Gambing and Credit Marker Policies

According to the Casino Chronicle (as footnoted by I. Nelson Rose), the twelve casinos in Atlantic City issued approximately $2.13 billion in credit markers in 1997. Of this extended credit, $543,174,000 remained outstanding after customers left the casinos. However, through the banking system, an additional $434,400,000 of outstanding debt is collected, leaving only 1.3 percent left in unpaid loans, which is generally lower than other unpaid consumer debt. 75 Still, the true debt¾that is, the amount the customers owed when they walked out of the casinos, still exceeded $108 million¾20 percent of the debt.
The credit marker policies in Nevada are similar to those of the casinos in Atlantic City. Credit markers are extended to patrons who pass through a background credit check. Nevada and Atlantic City casinos use the services of Central Credit, Inc. to determine a customer’s credit history. In addition, both jurisdictions use other national credit agencies. Practices of extending credit markers are reviewed by regulators and independent accountants hired by casinos. Inconsistencies in accounting are reported to the regulators, and Nevada casinos that use improper methods to collect on outstanding debts are subject to disciplinary action. Credit markers extended in Nevada casinos account for approximately ten percent of casino revenues. This figure does not include the third party credit extensions from ATM’s, credit cards, or other credit providers. 76
Providing estimates on the amount of credit extended for gambling purposes through credit cards remains problematic. Unlike casinos, credit card companies do not have to report the amounts borrowed for gambling purposes. Nor do casinos report information on credit card advances, according to the president of Central Credit. 77 Furthermore, casinos do not know how much money is received by customers directly from a credit card advance or ATM machine. Many ATM’s and debit cards have limits on the amount of money dispensed within a 24-hour period and on each withdrawal. According to International Gaming & Wagering Business, “Casinos have found a way around this dilemma by utilizing credit card cash advance services … [that] allow players to access as much cash as they want.” 78 As a result, some individuals are able to spend far more than they can afford and incur dangerously high debts.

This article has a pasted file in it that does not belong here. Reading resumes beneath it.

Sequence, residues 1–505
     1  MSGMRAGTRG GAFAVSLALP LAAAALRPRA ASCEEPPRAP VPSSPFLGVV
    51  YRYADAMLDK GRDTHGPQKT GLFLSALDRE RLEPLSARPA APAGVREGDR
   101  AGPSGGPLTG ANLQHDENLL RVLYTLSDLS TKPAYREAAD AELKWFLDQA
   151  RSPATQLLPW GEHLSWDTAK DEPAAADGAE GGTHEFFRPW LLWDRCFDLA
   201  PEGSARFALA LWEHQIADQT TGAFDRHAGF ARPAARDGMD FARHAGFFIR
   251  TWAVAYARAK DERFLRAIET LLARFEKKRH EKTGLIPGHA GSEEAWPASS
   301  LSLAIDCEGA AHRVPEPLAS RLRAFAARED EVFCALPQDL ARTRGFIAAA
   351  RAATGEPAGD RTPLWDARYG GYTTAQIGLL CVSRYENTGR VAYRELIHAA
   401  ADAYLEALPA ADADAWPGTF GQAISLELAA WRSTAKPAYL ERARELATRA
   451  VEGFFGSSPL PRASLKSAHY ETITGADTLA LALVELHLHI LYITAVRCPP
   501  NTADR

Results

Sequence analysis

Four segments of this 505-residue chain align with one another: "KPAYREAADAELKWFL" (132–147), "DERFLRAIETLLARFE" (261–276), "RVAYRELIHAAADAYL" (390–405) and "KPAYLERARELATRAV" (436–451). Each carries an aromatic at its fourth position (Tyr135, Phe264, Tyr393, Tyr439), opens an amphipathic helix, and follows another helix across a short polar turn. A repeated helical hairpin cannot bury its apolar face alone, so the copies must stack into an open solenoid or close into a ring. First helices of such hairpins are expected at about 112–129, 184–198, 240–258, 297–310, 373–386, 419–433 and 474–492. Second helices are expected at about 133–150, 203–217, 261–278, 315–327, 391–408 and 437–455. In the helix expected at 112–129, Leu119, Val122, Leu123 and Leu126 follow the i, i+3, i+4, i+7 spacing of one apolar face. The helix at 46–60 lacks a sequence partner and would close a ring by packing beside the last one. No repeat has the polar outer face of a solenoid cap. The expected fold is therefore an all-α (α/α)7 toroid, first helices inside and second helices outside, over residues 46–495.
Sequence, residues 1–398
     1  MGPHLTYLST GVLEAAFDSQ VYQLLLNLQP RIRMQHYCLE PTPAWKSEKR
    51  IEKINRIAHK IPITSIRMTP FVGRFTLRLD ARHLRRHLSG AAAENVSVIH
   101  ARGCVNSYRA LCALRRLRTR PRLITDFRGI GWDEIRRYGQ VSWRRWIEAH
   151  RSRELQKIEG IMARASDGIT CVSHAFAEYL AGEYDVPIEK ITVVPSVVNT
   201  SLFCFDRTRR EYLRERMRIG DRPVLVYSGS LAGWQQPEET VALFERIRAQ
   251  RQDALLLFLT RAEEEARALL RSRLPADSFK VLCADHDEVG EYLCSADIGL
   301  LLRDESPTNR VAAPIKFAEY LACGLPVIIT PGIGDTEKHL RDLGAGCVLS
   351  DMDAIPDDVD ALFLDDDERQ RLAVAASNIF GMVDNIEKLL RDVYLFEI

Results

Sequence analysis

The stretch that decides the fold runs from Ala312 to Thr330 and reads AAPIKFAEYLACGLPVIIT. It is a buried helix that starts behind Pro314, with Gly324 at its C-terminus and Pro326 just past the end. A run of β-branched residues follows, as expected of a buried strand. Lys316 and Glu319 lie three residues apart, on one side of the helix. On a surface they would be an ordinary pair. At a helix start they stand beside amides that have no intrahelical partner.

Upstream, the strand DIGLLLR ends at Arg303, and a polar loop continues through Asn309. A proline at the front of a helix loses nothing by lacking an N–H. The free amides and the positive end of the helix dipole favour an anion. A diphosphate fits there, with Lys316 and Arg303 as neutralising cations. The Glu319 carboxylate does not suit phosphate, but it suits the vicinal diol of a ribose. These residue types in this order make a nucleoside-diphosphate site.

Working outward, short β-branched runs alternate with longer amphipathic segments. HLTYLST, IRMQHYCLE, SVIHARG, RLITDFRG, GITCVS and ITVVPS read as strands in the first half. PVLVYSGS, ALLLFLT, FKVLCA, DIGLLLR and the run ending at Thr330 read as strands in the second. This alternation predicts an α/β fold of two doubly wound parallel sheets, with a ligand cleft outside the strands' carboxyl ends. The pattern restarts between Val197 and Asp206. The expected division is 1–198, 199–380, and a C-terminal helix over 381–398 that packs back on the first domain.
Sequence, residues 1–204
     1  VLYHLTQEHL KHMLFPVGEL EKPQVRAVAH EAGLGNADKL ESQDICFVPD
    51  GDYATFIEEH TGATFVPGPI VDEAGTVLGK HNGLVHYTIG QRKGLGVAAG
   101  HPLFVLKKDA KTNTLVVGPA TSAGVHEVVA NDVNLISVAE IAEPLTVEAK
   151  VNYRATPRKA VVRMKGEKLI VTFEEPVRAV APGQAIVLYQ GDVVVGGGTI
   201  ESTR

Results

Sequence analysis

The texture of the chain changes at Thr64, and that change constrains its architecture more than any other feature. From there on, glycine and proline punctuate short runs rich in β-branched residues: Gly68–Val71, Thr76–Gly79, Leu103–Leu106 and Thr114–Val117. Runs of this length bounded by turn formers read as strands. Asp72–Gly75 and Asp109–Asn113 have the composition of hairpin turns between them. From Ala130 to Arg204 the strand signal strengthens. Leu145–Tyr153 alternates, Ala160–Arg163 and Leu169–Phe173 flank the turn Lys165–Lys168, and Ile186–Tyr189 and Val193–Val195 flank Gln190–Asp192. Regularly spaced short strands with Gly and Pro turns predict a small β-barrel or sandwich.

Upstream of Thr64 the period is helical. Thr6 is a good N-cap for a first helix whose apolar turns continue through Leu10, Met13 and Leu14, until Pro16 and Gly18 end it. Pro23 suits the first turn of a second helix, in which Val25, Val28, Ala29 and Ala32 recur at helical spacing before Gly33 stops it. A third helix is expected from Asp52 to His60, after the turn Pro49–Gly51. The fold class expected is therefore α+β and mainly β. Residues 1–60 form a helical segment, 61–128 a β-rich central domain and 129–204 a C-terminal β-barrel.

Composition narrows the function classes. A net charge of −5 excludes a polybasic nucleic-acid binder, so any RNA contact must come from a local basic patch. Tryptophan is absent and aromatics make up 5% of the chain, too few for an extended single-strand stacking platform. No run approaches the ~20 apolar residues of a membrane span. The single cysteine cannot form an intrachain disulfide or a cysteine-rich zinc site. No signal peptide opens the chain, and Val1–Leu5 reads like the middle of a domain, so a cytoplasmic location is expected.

In at least one tribal casino (Foxwoods), Commissioners were told that ATM machines offered cash advances without even the safeguard of a so-called “PIN” to prevent misuse of stolen or lost credit cards. It seems clear to us that additional consideration of the restriction and regulation of credit practices permitted in and around casinos must be given by policymakers reviewing gambling activities in and near their communities.

During the Commission meeting in Nevada, Thomas Coatis, the Director for Consumer Credit Counseling Services in Des Moines, Iowa, testified on the changes in credit availability and bankruptcy in Iowa with the rise in available gambling outlets. According to his testimony, at the beginning of the project in the late 1980’s, two to three percent of the people seeking counseling services attributed their credit problems to gambling. Today, approximately 15 percent of counseling goes to individuals with gambling attributed to the core of their credit concerns. The project has grown to six offices treating over 400 new cases each month. Furthermore, the agency offers a gambling hotline to provide assistance with individuals who feel they have a gambling problem. This hotline, 1-800-BETSOFF, averages almost 300 crisis calls each month.

Coates shared with the Commission a suicide note from one man in Iowa who had accrued $60,000 in credit card debt at a local casino: “I never thought of gambling prior to two or three years ago. I really can’t blame anyone but myself but I sincerely hope that restrictions are placed upon credit card cash availability at casinos. The money is too easy to access and goes in no time. My situation is now one of complete despair, isolation and constant anxiety.”

75 I. Nelson Rose, “The Role of Credit in the Third Wave of Legal Gambling,” Gambling and The Law (Anthony Cabot ed) (1999), pp. 3-7. 76 Robert Faiss and Thomas Coats, testimony to the National Gambling Impact Study Commission, Las Vegas, Nevada (November 11, 1998). 77 Rose, Gambling and the Law. 78 Parets, Op. Cit., p. S8.